In the passed few years there has been an increase in the popularity of performance-enhancing supplements that are used by athletes. Some of the most popular of these supplements are creatine and androstenedione. They are used by some very famous athletes in professional sports. There are many problems that go along with using these supplements that are not only health-wise, but also the message that is being sent to children involved in youth athletics. Athletes today are not thinking of what kind effects will happen to them in the long run.
However, they are looking for easier ways of training and enhancing their erformance. They are under a great deal of pressure to succeed and win all the time that it must be easier to find a short cut to being an elite athlete. In this paper I will explore the risks with these supplements, some regulations that are placed on athletes to, and if they truly work. Also I will give an overview of what both creatine and androstenedione are. Introduction For as long as I can remember I have been involved in athletics of all kinds and have always loved the atmosphere that sports provide.
Being involved in both high school basketball and golf and now finally playing golf for Xavier, I have een subjected to rigorous training and conditioning. Never once did I have the aid of any type of artificial supplement or performance-enhancing drug helping me condition or build muscles faster. However, when I was in high school I was aware of may guys who were taking these supplements such as creatine and androstenedione and getting very muscular, extremely fast. Creatine and androstenedione were common words used around the halls of my school.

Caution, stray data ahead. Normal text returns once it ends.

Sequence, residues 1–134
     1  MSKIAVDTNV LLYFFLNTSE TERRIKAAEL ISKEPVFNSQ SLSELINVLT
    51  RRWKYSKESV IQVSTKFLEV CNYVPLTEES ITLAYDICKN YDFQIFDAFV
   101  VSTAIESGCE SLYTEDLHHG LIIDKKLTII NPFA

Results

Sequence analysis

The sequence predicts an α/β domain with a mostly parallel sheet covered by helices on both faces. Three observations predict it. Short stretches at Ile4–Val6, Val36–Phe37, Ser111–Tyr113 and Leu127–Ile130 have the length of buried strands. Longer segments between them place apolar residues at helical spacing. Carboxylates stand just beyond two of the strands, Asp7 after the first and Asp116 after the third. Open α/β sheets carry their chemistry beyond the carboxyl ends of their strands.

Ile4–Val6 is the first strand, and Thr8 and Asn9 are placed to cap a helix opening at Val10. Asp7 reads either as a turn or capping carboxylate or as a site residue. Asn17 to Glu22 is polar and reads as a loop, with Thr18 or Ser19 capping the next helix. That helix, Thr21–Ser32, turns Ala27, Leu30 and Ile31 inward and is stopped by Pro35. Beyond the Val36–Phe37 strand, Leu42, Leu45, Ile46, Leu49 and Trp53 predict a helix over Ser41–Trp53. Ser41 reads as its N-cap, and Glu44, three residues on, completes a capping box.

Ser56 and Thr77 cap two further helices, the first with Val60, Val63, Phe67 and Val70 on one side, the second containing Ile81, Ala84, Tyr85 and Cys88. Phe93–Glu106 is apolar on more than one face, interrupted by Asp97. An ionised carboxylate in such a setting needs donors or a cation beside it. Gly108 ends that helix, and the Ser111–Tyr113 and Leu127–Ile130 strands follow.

Hearing these words made me curious about what exactly they were, what the effects they had on athletes, and if they were illegal. I found it very interesting hat these supplements were somehow all over the news and that some really famous athletes had used them. I wondered if they were safe to use and if they had any side effects. In researching this topic of artificial supplements and performance-enhancing drugs, I had many mixed feelings about how I felt about their use by athletes. However, after my research was completed I have a firm opinion that these supplements should be banned from athletics all together.
Research Questions Many questions came up during my research of these performance-enhancing supplements. Among one of my first questions was, What exactly are creatine and androstenedione? This and many of the other questions I had about the supplements were answered for me in a recent article from People Weekly entitled Hazard Alert. (muscle-building supplements taken by athletes) which was a interview of correspondent Jennifer Longley by Charles Yesalis, a professor at Penn State who spent 19 years studying the use of performance-enhancing drugs by athletes.